exp.: rd v 12-13; What? You’d think that there would have been a sense of relief from the older folks! Man, compared to the ashes and dust it all sat in for so many years, you’d think there would be a tremendous sense of accomplishment and success. It would be easy to miss this incredible moment. Don’t! Why would these priests and Levites and heads of fathers’ houses, old men who had seen the first house, weep loudly? I think they see what brought them to this place – their forefathers’ rebellion against God.

ill.: Jeremiah 44 – The Word of the Lord comes to the people of Judah in Egypt by the mouth of Jeremiah the prophet. He says – stop offering sacrifices and giving gifts to these foreign gods and idols that you’ve made with your own hands. You see the desolation of Jerusalem and Judah. You see the dead in the streets. If you don’t stop, the same will come to you here in Egypt.

The men, who knew their wives were doing this responded: 16 “As for the word that you have spoken to us in the name of the Lord, we will not listen to you. 17 But we will do everything that we have vowed, make offerings to the queen of heaven and pour out drink offerings to her, as we did, both we and our fathers, our kings and our officials, in the cities of Judah and in the streets of Jerusalem. For then we had plenty of food, and prospered, and saw no disaster. 18 But since we left off making offerings to the queen of heaven and pouring out drink offerings to her, we have lacked everything and have been consumed by the sword and by famine.” 19 And the women said, “When we made offerings to the queen of heaven and poured out drink offerings to her, was it without our husbands’ approval that we made cakes for her bearing her image and poured out drink offerings to her?”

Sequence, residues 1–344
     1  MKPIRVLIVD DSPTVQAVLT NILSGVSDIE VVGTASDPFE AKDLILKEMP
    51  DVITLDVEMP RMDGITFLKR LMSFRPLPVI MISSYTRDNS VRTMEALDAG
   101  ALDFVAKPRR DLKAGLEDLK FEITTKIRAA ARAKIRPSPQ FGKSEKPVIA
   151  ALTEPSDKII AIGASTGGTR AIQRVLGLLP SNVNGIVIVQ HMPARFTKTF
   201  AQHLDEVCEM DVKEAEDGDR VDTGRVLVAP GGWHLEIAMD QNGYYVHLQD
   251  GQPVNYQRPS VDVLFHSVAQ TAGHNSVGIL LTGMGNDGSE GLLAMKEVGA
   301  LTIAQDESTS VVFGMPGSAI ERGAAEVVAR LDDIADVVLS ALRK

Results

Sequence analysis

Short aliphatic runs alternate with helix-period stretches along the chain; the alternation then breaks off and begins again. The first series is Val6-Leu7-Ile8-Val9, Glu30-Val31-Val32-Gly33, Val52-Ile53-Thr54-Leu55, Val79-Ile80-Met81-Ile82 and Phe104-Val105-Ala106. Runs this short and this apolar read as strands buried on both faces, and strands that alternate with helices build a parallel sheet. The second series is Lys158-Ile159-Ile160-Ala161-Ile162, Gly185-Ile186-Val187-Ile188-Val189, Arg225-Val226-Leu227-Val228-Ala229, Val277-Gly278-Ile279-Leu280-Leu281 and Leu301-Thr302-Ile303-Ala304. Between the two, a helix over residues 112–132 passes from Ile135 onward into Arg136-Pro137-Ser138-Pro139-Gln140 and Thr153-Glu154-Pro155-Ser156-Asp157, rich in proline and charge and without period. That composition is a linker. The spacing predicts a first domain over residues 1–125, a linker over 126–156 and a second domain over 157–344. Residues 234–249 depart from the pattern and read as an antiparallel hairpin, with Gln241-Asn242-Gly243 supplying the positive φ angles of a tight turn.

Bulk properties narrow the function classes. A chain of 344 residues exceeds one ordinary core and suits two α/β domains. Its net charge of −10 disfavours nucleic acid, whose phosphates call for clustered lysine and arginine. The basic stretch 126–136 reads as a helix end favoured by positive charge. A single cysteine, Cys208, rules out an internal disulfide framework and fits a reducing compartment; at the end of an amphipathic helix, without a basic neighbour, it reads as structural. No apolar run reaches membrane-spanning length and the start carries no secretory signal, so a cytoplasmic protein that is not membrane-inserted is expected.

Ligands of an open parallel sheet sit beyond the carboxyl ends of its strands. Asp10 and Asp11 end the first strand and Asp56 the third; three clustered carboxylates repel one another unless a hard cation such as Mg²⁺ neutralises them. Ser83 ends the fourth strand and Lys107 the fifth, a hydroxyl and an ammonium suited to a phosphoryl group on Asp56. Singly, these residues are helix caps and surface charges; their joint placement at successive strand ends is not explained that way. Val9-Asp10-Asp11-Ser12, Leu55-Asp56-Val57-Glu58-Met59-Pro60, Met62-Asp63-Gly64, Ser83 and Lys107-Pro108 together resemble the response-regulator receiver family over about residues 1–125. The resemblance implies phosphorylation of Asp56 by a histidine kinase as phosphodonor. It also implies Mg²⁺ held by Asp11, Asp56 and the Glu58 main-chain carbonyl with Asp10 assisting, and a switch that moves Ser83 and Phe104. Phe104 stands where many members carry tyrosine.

And Jeremiah tells them: well, God is going to do to you what he did in Jerusalem and the cities of Judah. But, there will be a small remnant that will return. And the reason for this small remnant: Listen: 28 And those who escape the sword shall return from the land of Egypt to the land of Judah, few in number; and all the remnant of Judah, who came to the land of Egypt to live, shall know whose word will stand, mine or theirs.

Transition: I think they’re sad because they knew what they had and and they knew what was lost. Here is the message which these elders get: sin destroys. If you’re thinking – oh, yes, but there is forgiveness from God. That’s true. He is kind and compassionate and long on mercy, desiring that none should perish, but that all might come to repentance. But what is equally true is that the consequences of sin still ravage a life.

These people look at what was and realize that their sin – their rebellion is why they’re looking at something so much smaller than before. 600,000 men came up out of Egypt. Less than 50,000 men came up out of Babylon. Their numbers are small – so small that they fear the people around them.

Observations & Implications:

  1. Our worship should be shaping our worldview. I hope you see the Word of God being read, prayed, sang and expressed in our Worship. What about your private devotions? Family devotions?
  2. Our worldview should be motivating us to share our faith with those around us.
    1. Do we honestly believe sin damages?
    2. Do we believe Christ is coming again? How is that belief reflected in our worldview?
  3. We should be majoring in the majors!
    1. Worship is more important than facilities.
    2. People are more important than programs.

This especially hits home for me as I look to the future and where I’m leading you.